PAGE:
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Rediff.com  » News » Factional war in GJM as Gorkhaland stir nears 100 days

Factional war in GJM as Gorkhaland stir nears 100 days

September 20, 2017 08:54 IST

While a group led by Binay Tamang wants to end the shutdown, the mainstream GJM, led by its supremo Bimal Gurung, wants the status quo to continue, reports Avishek Rakshit.

Factionalism, both within the Gorkha Janmukti Morcha, the largest party in the Darjeeling region, and other like-minded organisations, is taking the sting out of the movement for a separate state of Gorkhaland.

In June, after the West Bengal government attempted to make Bengali compulsory in the state’s schools, implying the decision would apply to schools in Darjeeling also, the GJM and other Gorkha parties opposed this on the grounds that the government was trying to “Bengalise” the region.

 

The upshot of this was the renewal of the movement for Gorkhaland, on which the state government and the Gorkha parties had met halfway in 2011, when the Gorkha Territorial Administration was formed, replacing the Darjeeling Gorkha Hill Council, formed in 1988.

The GJM has opted for a shutdown in the region. Mass rallies, blockades, picketing, attacks on the police and security forces, and burning effigies of Chief Minister Mamata Banerjee had been a regular feature in June.

However, as the shutdown is entering its 100th day this month, things are changing now, owing to factionalism.

A group led by Binay Tamang, ousted assistant general secretary of the GJM, and some other former GJM leaders wants to end the shutdown while the mainstream GJM, led by its supremo Bimal Gurung and other senior leaders such as Roshan Giri, Prakash Gurung, and Ashok Chettri, wants the status quo to continue.

A GJM leader is of the opinion that the party’s calculation was that if it could impose a blockade in the area, it would attract the Centre’s attention and, eventually, the Centre would askWest Bengal to accede to the demand for Gorkhaland.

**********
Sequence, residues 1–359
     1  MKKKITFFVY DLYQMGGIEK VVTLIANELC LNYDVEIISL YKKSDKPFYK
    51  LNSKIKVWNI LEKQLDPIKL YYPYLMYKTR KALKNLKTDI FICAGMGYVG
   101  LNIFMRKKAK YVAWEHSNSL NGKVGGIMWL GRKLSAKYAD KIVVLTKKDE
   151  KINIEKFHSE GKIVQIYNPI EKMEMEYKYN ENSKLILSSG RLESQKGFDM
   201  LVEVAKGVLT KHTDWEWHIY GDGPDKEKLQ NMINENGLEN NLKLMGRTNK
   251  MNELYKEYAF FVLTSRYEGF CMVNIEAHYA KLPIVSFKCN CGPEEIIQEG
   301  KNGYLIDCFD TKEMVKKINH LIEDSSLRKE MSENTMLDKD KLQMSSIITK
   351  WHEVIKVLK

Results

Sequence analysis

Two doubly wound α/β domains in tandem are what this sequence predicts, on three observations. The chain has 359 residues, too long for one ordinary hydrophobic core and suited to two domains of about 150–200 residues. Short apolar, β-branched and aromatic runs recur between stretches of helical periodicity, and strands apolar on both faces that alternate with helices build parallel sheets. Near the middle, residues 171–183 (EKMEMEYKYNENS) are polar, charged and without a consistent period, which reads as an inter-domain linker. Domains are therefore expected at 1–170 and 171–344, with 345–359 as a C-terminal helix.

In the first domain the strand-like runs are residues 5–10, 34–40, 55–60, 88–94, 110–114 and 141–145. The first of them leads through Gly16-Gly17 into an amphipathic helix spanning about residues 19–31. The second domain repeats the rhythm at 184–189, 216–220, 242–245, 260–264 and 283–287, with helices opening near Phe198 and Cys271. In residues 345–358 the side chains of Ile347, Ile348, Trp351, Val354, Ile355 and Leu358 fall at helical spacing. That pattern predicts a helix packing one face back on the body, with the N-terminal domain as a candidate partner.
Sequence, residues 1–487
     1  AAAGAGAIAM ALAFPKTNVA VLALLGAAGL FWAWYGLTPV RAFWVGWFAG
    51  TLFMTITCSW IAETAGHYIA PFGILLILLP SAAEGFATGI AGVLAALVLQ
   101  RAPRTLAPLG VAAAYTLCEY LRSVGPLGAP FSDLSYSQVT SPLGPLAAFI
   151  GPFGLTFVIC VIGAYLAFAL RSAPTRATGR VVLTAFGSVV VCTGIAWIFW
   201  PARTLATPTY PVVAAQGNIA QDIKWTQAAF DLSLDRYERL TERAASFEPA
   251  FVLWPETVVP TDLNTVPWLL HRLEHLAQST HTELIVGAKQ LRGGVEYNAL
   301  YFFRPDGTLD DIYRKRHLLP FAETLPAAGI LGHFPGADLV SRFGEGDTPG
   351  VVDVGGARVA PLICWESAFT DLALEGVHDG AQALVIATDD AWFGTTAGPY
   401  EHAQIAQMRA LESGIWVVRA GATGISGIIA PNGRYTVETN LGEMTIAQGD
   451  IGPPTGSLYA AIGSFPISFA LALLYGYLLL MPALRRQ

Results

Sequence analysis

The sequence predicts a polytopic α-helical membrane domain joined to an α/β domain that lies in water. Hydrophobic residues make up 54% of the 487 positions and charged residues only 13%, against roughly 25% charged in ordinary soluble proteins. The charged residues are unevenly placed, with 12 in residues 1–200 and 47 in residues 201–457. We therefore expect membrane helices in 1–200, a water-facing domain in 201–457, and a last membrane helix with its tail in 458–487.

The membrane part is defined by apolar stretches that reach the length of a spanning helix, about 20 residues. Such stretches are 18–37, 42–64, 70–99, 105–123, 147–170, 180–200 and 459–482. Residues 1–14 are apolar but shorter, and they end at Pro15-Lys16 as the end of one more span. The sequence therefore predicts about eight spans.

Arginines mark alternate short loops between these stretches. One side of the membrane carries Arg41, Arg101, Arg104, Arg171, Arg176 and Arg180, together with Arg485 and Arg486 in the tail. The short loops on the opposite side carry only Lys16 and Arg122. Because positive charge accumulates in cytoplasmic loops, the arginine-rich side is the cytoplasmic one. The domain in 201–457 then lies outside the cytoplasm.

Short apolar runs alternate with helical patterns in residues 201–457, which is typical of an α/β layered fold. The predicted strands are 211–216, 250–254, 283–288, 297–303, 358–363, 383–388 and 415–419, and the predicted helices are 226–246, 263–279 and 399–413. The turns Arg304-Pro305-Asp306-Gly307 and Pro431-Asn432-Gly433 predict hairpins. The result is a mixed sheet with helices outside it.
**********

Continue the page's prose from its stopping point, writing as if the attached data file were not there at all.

Interestingly, Tamang’s change of heart followed his meeting with Banerjee at the state secretariat in late August.

Earlier, Tamang, who was also the party’s spokesperson, had supported the shutdown. Tamang says the shutdown hasn’t been able to achieve its objective and instead has made the people suffer.

As an immediate retaliation to this, the GJM ousted Tamang and his faction after they called off the shutdown without Gurung’s approval, but later, Gurung, through an audio message, asked Tamang to shun his path and return to the GJM fold.

A senior Gorkha politician of the region said Gurung’s reversal of position shows that his party’s support base is ebbing.

“Tamang has significant influence and commands a considerable base, particularly in the Kurseong sub-division. The GJM has realised that if Tamang is not in the party, it might lose that support base,” the politician said.

A second political leader said that popular figures opposing each other publicly and openly questioning the decision of the party’s leader are not good signals to the public.

Since June 15, after the police slapped charges on Gurung and others for escalating violence, the GJM supremo has gone missing. It is supposed that he is hiding near the West Bengal-Sikkim border.

During June-July, although Gurung maintained one-way communication with the hills’ residents through video and audio messages, Tamang, a popular leader, became the face of the party while Giri led the political delegation toNew Delhi.

“Now that the rift has become public, people are confused and don’t know if the shutdown has been able to achieve its purpose. Moreover, the pro-Gurung faction is trying to enforce the shutdown, forcing people to remain indoors,” the second leader said.

Several blasts have taken place, killing a civic volunteer, which led the police to press charges against prominent GJM leaders, including Gurung.

Some shops in the Kurseong and Mirik regions defied the GJM diktat and opened, but some of them downed their shutters again.

The state’s ruling party, the Trinamool Congress, and Tamang, have alleged that the GJM is forcing shops to remain closed.

Nevertheless, shops have reopened, this time in the Darjeeling railway station area, which is just a few kilometres from the heart of Darjeeling -- the centre of turmoil.

Factionalism is nothing new in Darjeeling.

The demand for a separate state was first raised in 1907 by the Hillmen’s Association of Darjeeling and was later taken up by the Gorkha National Liberation Front during the 1980s, when it took a violent turn, claiming 1,200 lives. Its leader, Subhash Ghising, became an overnight hero of the Gorkhas.

Later, Ghising came to terms with the state government, then run by the Left Front, settling for partial autonomy.

However, in 2007, Gurung overtook Ghising in popularity after accusing the latter of being hand in glove with the state government, and became the region’s firebrand.

In the meantime, another popular face, Madan Tamang, leader of the Akhil Bharatiya Gorkha League, was assassinated in 2010.

In 2016, Harka Bahadur Chhetri, who started his career in the GNLF and subsequently sided with Gurung, broke ranks with him.

Nevertheless, Gurung remains the most prominent of the Gorkha leaders and the GJM maintains its hold as the largest party.

“However, this time, Tamang’s departure will weaken the party and reinstate the GNLF as the largest party in Darjeeling,” a GNLF leader said.

As many as 15 parties are vying for power among a population of 132,016 people (the 2011 Census), of whom 85-90 per cent are of Nepali origin.

Avishek Rakshit
Source: